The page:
As part of the HyCRISTAL project, the team spent time with some community groups in Kisumu, Kenya and Kampala, Uganda talking about their experiences of flooding in the urban areas where they live. They talked about what happened before, during and after a flood, and how high the waters came and where actually got flooded. Initially this was to inform flood modelling, and check the accuracy of simulations, but listening to their stories, HyCRISTAL wanted to do something with the stories they were telling about their real, lived experience of these events.Working with Clearhead Media, they developed a script and animation to help share the experiences they heard about. The aim is to inform viewers about the reality of what flooding is like for people who live in affected cities in East Africa, and while it may not be 100% accurate for everyone in these places, there should be significant relatable elements for those experiencing regular seasonal flooding in Kisumu and Kampala. This educational, evidence based account, will help give a richer picture of what is going on and inform the development of future projects.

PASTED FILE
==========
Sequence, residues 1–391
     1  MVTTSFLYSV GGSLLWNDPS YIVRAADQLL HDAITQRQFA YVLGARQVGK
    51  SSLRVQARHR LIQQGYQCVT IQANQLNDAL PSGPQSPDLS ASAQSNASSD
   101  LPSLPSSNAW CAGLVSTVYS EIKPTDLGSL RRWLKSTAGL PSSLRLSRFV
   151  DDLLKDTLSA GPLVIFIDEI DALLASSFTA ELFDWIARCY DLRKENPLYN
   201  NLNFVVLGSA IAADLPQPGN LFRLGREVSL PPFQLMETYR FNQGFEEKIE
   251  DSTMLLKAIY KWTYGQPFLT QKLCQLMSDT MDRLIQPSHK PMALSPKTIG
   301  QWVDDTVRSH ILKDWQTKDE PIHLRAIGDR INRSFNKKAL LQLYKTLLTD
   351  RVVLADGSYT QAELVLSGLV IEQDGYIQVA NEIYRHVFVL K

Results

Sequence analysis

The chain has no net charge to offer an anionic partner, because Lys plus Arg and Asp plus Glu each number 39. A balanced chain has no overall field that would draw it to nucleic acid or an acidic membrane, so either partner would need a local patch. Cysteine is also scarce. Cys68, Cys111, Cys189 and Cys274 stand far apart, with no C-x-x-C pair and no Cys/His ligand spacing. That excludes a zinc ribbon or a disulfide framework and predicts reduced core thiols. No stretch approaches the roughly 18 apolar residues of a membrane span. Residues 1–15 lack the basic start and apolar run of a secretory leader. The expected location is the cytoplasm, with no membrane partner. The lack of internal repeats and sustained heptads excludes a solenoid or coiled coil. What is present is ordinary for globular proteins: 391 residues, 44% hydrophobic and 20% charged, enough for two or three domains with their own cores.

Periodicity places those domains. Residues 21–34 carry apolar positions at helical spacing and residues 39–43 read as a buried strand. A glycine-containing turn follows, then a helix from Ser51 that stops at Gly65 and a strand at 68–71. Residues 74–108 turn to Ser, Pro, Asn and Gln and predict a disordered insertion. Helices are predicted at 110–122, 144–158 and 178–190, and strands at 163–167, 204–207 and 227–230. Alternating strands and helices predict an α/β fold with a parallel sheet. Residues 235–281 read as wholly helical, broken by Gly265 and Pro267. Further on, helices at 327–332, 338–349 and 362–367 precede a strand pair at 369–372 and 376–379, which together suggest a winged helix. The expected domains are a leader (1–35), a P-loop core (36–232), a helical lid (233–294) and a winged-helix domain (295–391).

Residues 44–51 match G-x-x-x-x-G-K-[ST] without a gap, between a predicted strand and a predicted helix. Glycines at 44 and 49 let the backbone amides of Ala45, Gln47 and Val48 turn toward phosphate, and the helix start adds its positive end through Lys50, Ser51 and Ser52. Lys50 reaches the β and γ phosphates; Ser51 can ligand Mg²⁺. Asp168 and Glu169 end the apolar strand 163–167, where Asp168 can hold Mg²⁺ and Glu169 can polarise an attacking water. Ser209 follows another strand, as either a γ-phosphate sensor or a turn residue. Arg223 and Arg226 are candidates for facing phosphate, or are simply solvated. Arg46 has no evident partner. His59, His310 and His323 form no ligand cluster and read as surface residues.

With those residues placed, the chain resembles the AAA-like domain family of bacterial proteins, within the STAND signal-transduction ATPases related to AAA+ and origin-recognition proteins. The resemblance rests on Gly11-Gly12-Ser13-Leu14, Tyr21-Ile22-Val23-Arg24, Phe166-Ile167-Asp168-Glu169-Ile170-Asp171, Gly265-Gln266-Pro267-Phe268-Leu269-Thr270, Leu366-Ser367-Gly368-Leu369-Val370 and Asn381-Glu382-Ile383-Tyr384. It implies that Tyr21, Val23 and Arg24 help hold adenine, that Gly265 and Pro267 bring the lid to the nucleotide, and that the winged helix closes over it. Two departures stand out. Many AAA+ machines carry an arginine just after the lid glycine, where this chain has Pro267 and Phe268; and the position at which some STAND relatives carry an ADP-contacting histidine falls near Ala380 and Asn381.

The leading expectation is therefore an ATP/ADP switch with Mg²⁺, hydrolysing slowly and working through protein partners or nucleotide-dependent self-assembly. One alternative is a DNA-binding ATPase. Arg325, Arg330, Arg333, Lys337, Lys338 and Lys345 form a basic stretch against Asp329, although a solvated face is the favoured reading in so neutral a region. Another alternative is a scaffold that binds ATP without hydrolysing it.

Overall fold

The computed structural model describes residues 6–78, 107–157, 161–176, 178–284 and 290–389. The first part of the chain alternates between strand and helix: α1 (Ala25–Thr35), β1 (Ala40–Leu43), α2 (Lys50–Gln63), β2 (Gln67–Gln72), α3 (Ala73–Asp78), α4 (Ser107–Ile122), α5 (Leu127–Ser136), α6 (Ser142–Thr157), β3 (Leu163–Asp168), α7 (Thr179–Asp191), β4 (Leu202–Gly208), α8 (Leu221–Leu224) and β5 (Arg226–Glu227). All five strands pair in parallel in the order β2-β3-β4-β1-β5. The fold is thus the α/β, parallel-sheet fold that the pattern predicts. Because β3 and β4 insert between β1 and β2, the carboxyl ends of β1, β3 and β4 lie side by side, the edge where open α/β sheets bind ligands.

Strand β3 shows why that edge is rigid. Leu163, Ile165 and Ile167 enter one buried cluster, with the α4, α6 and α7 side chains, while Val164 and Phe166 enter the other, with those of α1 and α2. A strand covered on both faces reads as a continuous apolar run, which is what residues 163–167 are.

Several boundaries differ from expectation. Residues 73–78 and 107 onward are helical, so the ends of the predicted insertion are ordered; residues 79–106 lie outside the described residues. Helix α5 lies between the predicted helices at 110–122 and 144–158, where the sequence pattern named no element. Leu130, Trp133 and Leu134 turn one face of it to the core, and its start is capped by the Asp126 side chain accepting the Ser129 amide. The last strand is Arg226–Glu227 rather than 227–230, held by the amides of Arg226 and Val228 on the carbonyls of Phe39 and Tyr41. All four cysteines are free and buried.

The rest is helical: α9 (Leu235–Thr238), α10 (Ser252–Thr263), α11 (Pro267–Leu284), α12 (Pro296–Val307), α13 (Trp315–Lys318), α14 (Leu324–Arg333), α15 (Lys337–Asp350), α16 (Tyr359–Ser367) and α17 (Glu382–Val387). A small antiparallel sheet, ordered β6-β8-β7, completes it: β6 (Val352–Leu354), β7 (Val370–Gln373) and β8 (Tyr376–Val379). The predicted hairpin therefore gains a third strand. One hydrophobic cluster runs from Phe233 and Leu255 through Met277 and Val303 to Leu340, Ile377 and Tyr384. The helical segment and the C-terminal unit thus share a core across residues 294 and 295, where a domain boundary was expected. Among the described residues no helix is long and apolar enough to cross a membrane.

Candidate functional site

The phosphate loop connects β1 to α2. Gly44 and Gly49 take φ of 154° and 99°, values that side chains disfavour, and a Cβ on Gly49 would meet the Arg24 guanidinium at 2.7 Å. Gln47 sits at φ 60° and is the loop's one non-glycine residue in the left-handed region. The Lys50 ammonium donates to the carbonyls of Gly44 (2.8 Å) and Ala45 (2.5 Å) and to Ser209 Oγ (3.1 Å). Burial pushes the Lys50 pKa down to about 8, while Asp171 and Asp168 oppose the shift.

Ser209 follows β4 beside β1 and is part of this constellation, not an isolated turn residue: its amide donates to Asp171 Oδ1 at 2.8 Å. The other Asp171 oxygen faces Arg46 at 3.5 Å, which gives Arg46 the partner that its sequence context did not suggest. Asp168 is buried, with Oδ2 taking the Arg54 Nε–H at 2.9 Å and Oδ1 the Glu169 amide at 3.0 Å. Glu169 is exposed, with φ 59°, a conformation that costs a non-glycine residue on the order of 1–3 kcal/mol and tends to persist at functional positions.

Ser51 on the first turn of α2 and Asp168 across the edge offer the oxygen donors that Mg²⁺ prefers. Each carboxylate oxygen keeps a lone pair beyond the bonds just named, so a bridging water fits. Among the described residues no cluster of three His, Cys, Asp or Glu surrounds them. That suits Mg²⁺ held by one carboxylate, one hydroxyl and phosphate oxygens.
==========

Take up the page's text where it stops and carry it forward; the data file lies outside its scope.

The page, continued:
Thanks goes to all who participated in the early project workshops as they explored what the problems were around flooding, sanitation and health in Kisumu and Kampala, and specifically their partners at Practical Action and Kisumu Urban Apostolate Programme (KUAP) in Kisumu, without whom this would not have been possible to create.This news piece was originally posted on water@Leeds, University of Leeds.
HyCRISTAL stands for Integrating Hydro Climate Science into Policy Decisions for Climate Resilient Infrastructure and Livelihoods in East Africa. HyCRISTAL aims to develop a new understanding of climate change in East Africa and to work with the region’s decision-makers to manage water for a more climate-resilient future.